3 Things to Consider Before Buying a Workout DVD
If you want to workout at home rather than in a gym, there are hundreds of different workout routines you can buy on DVD or video, which may be easier than working out on your own. With the DVDs, you get the feeling of working out with a group of people, but the freedom to work out in your own home on your own schedule.
Before you buy workouts on DVD or video, consider these three things: #1 - Type of exercise
What type of exercise do you want to do? Cardio, muscle building/toning, dance, high-impact aerobics, low-impact aerobics, weight training, walking, running - there are endless options to choose from and you may even want to choose a few different types of exercises so you can switch between them each day.
#2 - Intensity level
Are you a beginner, intermediate, or advanced exerciser? If you haven’t worked out for a long time (or ever, since childhood) you are definitely a beginner and should choose a workout DVD that will be somewhat challenging but not too hard. Intermediate workouts are good for people who are in relatively good shape and are already exercising regularly. Advanced routines are for people who are fit and able to withstand a higher intensity.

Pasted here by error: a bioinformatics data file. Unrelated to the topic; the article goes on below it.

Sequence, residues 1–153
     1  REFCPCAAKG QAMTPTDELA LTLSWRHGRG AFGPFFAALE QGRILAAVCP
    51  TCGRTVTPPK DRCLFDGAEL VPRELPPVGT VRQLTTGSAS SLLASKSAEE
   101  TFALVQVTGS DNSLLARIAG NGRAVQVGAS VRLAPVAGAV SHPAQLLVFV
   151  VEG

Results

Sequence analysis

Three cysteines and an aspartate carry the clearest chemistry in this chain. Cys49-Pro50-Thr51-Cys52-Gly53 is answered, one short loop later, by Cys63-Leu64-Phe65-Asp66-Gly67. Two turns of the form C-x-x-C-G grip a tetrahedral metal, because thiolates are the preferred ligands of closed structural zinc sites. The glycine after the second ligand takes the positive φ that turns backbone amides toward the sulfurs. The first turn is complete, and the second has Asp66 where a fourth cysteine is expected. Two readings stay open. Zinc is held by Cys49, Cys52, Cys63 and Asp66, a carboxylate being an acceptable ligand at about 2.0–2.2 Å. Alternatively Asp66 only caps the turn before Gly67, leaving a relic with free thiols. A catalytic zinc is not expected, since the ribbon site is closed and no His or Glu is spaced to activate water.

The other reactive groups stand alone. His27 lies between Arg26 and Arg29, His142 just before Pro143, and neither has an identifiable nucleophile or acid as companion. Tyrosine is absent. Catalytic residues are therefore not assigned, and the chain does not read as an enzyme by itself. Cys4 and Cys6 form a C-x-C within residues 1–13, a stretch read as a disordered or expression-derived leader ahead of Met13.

Look at the small print on the back of DVDs and videos; they should indicate the level of intensity and/or skill required to follow along. Some workout routines are multi-level, because some of the instructors do a higher-intensity workout, while other instructors or students demonstrate a modified lower-intensity workout at the same time.
#3 - Difficulty level
Beyond intensity, you also need to consider how easily a particular workout can be performed in your home. This may depend on how much space you have, how much noise you will need to make (like jumping around if you have downstairs neighbors that wouldn’t appreciate it), and any other equipment you might need, like chin-up bars, weights, or medicine balls.
Each workout DVD should clearly note if you need special equipment, and you should be able to tell roughly how much space will be needed for the workout. For example, a walking DVD usually has you marching in place for most of the workout, so little space would be needed, compared to a full dance aerobic workout that would probably require a clear room to allow adequate movement.
An additional consideration would be cost; some DVDs are more expensive than others. Usually older workout routines are lower in price than new, popular ones. There are also sets of DVDs that include several workouts, and those would likely cost more than a single DVD.
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